A decision on Manitoba’s schools is likely to come this Thursday, says the province’s education minister.
Kelvin Goertzen told 680 CJOB that the issue of whether to extend the holiday break due to the COVID-19 pandemic has been discussed in two different contexts — from the perspective of the education system and from public health.
While Goertzen was unable to provide any specific details, he said it’s more likely Manitoba students will see a period of remote learning away from school, rather than just additional time off.
“We’ve been working with public health, and I expect that we’ll have an answer by Thursday of this week so that those in the school system will have some clarity,” he said.
“I wouldn’t expect that it’ll be a break in the sense that there will be nothing happening,” he added.
“We know that it’s still important for students to learn and so remote learning during a time maybe away from school is a more likely possibility than just no school.”
The strain on human resources in the school divisions are also being considered, said Goertzen.
For the most part, though, he said schools have been handling the pandemic well, with only a handful of significant infections, despite the province’s overall numbers continuing to grow.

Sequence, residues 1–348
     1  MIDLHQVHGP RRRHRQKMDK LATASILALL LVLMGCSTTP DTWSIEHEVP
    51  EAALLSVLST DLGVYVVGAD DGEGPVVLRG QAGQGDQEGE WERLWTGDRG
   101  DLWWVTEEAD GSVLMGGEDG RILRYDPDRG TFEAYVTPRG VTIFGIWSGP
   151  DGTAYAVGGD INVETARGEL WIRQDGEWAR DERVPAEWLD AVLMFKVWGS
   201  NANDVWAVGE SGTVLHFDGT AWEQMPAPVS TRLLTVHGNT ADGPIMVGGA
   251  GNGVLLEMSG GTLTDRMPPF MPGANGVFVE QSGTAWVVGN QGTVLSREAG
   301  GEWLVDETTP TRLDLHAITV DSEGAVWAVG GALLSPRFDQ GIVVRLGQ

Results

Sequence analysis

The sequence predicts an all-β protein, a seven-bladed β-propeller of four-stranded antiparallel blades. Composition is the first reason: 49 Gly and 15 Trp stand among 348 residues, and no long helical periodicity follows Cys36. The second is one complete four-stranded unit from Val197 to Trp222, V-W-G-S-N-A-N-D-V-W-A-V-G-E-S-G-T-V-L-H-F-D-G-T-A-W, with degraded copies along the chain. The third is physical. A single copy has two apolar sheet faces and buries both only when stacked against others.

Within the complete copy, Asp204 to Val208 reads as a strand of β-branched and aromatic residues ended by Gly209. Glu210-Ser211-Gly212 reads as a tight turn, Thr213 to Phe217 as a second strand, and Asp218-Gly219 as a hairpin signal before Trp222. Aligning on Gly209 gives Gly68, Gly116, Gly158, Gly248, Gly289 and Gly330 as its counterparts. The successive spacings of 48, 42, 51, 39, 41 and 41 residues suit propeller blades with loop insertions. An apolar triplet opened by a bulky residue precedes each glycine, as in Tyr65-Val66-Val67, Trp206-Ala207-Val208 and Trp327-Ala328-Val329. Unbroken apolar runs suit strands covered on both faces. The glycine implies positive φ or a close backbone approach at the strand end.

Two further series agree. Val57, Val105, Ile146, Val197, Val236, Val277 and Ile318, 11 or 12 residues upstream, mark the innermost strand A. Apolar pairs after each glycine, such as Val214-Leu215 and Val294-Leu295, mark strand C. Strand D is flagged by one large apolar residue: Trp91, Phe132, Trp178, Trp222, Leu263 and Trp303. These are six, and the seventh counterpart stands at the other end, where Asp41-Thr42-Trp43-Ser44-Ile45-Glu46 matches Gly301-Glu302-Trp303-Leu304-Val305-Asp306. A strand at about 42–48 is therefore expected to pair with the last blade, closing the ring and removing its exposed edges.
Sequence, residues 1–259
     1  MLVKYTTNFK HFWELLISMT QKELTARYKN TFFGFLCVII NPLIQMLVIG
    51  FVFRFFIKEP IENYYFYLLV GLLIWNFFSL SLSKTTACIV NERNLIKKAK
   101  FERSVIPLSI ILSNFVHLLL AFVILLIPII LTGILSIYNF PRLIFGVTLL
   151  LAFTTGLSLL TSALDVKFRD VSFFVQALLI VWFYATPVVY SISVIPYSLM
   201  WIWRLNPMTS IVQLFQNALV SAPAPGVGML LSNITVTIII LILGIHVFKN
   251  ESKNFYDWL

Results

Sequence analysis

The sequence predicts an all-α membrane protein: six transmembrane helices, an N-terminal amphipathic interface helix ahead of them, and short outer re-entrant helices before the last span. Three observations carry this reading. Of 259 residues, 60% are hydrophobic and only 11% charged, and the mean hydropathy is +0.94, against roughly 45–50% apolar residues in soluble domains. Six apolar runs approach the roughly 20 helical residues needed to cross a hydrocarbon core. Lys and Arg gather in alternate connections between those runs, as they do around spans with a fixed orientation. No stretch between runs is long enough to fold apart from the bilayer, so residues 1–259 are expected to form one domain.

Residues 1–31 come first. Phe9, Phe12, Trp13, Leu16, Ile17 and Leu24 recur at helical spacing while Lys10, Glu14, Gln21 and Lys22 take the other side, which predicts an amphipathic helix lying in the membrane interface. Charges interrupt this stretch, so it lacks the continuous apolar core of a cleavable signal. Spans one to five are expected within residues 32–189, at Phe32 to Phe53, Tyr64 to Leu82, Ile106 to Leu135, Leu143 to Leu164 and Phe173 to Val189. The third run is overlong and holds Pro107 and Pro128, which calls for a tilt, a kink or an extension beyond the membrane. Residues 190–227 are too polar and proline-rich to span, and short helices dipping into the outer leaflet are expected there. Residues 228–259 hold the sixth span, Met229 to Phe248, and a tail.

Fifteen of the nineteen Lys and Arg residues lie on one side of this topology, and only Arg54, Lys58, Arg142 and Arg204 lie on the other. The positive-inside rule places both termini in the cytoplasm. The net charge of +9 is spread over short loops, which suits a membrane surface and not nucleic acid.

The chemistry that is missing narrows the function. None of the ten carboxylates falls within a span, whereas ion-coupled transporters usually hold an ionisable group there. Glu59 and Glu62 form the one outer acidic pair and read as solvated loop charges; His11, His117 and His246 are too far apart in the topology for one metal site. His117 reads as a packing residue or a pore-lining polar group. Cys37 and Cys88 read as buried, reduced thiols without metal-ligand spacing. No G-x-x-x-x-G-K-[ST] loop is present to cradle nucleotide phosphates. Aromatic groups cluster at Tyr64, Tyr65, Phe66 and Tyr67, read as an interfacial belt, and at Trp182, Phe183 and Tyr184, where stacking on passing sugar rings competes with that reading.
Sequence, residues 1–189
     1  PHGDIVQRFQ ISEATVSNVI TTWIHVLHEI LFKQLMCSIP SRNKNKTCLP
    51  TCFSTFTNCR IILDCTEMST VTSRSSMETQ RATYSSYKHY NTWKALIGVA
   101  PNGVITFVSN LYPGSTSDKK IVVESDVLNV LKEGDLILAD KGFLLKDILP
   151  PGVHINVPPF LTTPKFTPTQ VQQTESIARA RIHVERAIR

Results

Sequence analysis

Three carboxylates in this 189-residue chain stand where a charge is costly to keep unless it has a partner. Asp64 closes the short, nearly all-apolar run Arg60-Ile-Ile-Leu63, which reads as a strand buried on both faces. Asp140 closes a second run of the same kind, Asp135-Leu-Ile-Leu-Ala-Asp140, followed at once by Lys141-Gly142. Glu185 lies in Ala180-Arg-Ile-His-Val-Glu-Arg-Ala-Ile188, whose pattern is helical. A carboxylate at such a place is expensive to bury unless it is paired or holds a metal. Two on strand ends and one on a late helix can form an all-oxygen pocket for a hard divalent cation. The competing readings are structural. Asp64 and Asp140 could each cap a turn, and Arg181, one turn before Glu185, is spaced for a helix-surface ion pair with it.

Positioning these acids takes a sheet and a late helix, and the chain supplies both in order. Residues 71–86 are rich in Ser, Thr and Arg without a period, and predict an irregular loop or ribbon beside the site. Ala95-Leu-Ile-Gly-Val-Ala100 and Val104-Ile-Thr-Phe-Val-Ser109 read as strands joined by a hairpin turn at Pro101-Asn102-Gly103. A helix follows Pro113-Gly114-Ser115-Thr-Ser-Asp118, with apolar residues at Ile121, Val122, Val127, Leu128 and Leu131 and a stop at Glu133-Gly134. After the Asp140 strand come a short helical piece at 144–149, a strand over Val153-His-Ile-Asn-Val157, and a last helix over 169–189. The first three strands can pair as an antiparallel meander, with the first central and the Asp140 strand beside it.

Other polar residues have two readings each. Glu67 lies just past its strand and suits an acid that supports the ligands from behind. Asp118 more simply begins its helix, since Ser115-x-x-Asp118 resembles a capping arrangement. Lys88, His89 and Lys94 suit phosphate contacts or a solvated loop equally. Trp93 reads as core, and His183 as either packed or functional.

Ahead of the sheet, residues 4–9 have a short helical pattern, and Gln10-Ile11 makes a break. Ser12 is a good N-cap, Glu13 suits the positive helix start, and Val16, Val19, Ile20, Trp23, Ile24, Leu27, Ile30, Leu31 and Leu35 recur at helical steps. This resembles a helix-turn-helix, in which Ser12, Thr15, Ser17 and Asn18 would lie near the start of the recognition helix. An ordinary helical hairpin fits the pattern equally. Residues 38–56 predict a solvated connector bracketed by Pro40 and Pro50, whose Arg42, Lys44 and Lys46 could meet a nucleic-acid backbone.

“We don’t want to minimize it. We’ve had many schools where cases have shown up, but at this point I think there’s been six where there’s a declared outbreak… so that’s, relatively, compared to where we are in Manitoba, isn’t bad,” he said.
The Manitoba School Boards Association said last week that parents will need as much lead time as possible to plan and prepare for any changes to the calendar.
“Parents and caregivers need as much notice as possible if there is going to be an amendment to a winter break or remote learning, we’ve made that position very clear to government,” association president Alan Campbell told Global News.
“I think the more notice, the better. But at the same time, the decision-making process shouldn’t be rushed either.”